What is Urban Greening and why is it important?
Urban greening was originally a process that aimed to provide urban people with a 'natural' environment, with attendant psychological benefits. There have been some surprising spin-offs from this. It has, for instance been proved that cities that have many trees experience cooler temperatures in summer and have less pollution.
Of course, this is logical! Trees provide shade, transpiration (evaporation of water from leaves) helps to cool the air, and everyone knows that trees use up carbon ' the result of combustion ' that issues from cars, factories and coal-fired power plants on a daily basis. But there's more: a new trend towards 'Green Buildings' with 'living walls' (vertical gardening) and roof gardens have shown that plants can help to conserve energy. They're the very best form of insolation and energy saving!
Urban greening can even extend to urban farming, a great helping hand for the unemployed who are at least able to contribute to the family table, and even income, thanks to their efforts. A recent move has seen corporate enterprises making roof space available for such projects in densely crowded areas.
Another benefit is ecological, and may bring joy to any soul: a good population of plants, preferably plants that are native to an area, attracts birds and other wildlife. The psychological benefits of birdsong have not yet been measured ' what do you think they may be?
Anything to do with plants in urban spaces is 'Urban Greening'. Research has shown some predictable, and some surprising results of greening urban areas. Here are a few that haven't been mentioned yet:
Increased property values (obvious)
Cleaner air (sure, we knew that!)
Reduce flooding and water pollution (It makes sense, but I never thought of it! read more at garden.org)
Calm traffic. (People don't drive as fast? Why? read more here oaklandnorth.net)
Increased revenues in shopping districts (trees are classy, I just didn't realize how classy they were! source: www.fs.fed.us)
Reduce crime (Apparently, this has been proved. See source: lhhl.illinois.edu)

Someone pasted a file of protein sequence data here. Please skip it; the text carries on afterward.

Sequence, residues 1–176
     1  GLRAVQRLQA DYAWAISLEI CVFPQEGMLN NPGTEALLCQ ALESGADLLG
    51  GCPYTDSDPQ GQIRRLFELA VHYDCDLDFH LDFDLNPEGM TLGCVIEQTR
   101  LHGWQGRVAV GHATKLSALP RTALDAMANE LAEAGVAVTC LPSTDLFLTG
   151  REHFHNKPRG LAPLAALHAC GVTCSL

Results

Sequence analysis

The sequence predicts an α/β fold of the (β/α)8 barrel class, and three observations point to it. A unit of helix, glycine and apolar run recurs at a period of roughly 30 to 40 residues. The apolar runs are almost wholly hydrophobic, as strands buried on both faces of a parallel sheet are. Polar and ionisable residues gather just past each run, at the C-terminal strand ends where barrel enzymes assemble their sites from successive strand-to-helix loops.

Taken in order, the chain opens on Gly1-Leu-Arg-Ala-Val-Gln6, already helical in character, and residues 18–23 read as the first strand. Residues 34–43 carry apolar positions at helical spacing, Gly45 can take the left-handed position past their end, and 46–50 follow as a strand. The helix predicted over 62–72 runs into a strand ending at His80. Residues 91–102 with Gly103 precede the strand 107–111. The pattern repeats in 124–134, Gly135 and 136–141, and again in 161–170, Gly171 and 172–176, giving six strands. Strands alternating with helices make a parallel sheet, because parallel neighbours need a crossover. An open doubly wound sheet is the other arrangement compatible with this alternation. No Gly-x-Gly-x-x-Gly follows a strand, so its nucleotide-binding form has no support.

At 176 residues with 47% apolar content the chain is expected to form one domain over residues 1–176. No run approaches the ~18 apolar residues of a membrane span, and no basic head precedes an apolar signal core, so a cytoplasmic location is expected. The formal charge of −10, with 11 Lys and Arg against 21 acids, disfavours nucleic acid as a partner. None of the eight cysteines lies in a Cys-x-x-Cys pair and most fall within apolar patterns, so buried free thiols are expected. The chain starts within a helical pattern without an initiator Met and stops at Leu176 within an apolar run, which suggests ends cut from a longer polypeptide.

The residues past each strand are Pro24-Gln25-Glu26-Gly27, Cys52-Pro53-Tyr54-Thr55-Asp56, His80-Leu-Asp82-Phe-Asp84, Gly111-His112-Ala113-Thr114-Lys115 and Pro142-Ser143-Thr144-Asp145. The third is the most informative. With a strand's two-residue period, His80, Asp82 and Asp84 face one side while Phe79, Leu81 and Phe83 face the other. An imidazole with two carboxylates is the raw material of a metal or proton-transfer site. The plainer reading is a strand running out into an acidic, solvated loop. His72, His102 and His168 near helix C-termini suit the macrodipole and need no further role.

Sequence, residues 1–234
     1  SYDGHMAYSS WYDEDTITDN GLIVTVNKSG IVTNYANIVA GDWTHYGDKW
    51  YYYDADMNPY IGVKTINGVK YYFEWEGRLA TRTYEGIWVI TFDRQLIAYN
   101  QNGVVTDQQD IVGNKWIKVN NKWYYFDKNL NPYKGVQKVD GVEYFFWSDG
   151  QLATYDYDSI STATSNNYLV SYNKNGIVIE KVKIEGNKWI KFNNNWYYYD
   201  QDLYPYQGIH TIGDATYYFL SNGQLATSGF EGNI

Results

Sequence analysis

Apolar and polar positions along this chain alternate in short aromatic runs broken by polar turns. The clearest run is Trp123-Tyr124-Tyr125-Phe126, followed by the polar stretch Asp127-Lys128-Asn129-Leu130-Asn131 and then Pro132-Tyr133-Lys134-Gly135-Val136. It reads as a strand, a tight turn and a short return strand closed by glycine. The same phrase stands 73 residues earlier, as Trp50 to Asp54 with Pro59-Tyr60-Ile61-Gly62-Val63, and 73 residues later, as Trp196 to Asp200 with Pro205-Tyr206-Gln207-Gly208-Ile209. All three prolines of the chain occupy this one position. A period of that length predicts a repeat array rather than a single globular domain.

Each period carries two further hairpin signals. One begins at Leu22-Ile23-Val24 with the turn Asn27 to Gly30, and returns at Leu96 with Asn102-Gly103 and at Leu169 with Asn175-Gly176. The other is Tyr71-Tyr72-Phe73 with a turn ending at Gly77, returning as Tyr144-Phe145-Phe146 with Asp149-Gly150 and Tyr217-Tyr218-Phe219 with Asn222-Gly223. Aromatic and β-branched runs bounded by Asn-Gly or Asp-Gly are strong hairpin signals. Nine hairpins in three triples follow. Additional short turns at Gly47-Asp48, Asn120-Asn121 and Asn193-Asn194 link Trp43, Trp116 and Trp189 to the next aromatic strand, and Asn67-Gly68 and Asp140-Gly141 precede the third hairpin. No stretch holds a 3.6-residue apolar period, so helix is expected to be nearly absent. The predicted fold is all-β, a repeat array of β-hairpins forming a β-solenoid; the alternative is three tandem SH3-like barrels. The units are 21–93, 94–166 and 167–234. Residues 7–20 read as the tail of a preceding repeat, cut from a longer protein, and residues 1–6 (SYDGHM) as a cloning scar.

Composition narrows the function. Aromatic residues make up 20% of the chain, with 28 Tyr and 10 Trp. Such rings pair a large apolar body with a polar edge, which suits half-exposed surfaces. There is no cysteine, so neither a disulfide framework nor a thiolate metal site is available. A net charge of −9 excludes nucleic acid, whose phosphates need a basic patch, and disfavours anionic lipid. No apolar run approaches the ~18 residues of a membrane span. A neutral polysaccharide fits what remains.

Promotes exercise (People are more inclined to take a walk over short distances than to drive)
Absorb traffic noise and promote privacy (sure, they do that!)
Build civic pride (Makes sense)
Speed healing time after an illness (Surprisingly, there are at least two scientific papers on this topic. Source: depts.washington.edu)
Play areas that assist with children's development (I should have thought of that one!)
Increased productivity when green spaces can be viewed from offices (I'd just spend the day looking out the window, how productive is that?)
Sense of accomplishment for individuals involved with planting. (Do you know it? It's so inspiring!)
Psychological benefits (people who live in green spaces are generally considered to be happier and calmer than those who do not. Gardening has been recommended as a therapy for trauma victims and the bipolar.)
The truth is that being among trees and other plants inspires and enriches the spirit, enhances the environment and uplifts the individual. Our interaction with nature is part of our instinctive makeup, whether we are city or country folk.
Involvement in community greening projects can either create animosity, for example if one or other community leader is seen as being dictatorial, or be a truly positive experience. If you ever happen to be involved with such a project, your diplomacy and leadership skills will determine its success.
Urban community food gardens are a great idea provided that suitable space can be obtained. Avoid disputes by agreeing on roles and responsibilities with all involved. The Memo of understanding should be recorded in writing and signed by all parties.
Municipalities and local government authorities should also attend to the benefits of urban greening since they are responsible for the wellbeing of the populace in general. Secure and attractive play areas for children are essential, and adults enjoy tree-shaded areas for exercise and relaxation.
Countries all over the world are becoming more aware of the need for urban greening, and there are few developments constructed without a few touches from a landscape architect ' even if this is not required by law, as it is in some cases.
Edited by: Rajesh Bihani ( Find me on Google+ )